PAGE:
02 November 2015

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Yahoo launches Livetext messaging app to rival Snapchat and WhatsApp

Yahoo's unveiled a messaging app to take on the likes of Snapchat, Facebook Messenger and WhatsApp. Livetext will allow users to exchange live video, text and emoticons, but without audio.


The app is available now for Apple and Android devices in the UK, US, Canada, Germany and France. "We wanted to find that new and expressive way of communicating," said Adam Cahan from Yahoo at a New York media event to launch the app.


Yahoo says video calls can be better than texts for expressing emotions, but their audio component makes private conversations public. With Livetext, you message friends by typing, just like texting, but you see video of friends without the audio.

Cahan said the Yahoo team chose to focus on video without audio to encourage people to use the app in different situations. "We wanted to make sure there is no inhibition of answering or connecting," he said.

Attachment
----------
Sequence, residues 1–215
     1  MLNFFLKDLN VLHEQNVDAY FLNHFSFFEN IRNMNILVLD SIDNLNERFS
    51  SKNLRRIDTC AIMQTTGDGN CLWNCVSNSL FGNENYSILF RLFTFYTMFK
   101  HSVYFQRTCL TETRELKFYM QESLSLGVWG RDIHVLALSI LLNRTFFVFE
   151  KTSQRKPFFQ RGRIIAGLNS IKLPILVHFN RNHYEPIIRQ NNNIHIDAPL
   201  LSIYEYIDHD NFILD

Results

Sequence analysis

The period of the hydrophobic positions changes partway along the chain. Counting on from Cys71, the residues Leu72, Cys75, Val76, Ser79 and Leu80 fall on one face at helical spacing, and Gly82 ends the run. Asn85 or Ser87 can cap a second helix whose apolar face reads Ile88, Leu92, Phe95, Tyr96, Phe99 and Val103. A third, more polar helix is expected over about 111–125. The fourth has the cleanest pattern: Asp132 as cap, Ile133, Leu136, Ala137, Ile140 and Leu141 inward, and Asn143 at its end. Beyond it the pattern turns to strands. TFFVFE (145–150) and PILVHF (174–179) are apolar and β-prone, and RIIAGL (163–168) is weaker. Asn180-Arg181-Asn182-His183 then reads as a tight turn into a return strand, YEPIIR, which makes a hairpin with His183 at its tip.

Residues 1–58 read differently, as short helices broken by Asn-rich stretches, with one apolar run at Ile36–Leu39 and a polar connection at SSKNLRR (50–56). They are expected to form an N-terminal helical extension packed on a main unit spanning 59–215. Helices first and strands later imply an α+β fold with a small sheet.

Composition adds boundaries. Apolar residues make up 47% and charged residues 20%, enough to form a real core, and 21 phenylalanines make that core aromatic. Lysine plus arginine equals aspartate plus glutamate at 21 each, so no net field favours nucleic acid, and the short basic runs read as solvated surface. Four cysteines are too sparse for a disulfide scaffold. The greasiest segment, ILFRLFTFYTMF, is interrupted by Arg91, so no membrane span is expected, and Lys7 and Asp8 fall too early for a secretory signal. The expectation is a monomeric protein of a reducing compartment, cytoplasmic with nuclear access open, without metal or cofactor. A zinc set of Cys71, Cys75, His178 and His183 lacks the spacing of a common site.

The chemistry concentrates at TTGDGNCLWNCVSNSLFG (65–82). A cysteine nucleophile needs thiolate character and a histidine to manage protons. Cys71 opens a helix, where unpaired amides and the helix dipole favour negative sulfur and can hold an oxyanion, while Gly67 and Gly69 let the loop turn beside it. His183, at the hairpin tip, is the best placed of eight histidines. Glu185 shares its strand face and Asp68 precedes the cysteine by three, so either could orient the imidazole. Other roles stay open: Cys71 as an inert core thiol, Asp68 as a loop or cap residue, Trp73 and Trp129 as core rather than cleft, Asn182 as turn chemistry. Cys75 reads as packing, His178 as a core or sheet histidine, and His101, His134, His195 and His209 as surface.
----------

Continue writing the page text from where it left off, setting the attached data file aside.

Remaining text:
He said that they'd found with audio, in many situations, people "aren't willing to engage".

At the event, product manager Arjun Sethi demonstrated "conversations" over smartphone connections that showed live facial expressions along with text and emoticons.

"We see video as a way to make your conversations more authentic, and we see text as a way to connect that's quick and non-intrusive," Sethi said.

The move comes with Yahoo aiming to refocus its business on mobile and video after losing leadership in web browser search. The tech industry already has a number of messaging apps ranging from Facebook-owned WhatsApp to Snapchat, which features disappearing video messages.

"Every platform shift leads to new forms of communication, driven by our desire to connect and interact in richer ways," Cahan said in a statement.

"We wanted to create a new way to communicate, blending the simplicity of texting with the emotion and immediacy of live video, to make your experience spontaneous and real."

The app was tested in Hong Kong, Taiwan and Ireland, as well as some US college campuses. It's the latest example of Yahoo trying to catch up in mobile services since Marissa Mayer became the company's CEO three years ago. Arjun Sethi came to Yahoo from the mobile messaging app MessageMe, bought by Yahoo last year.

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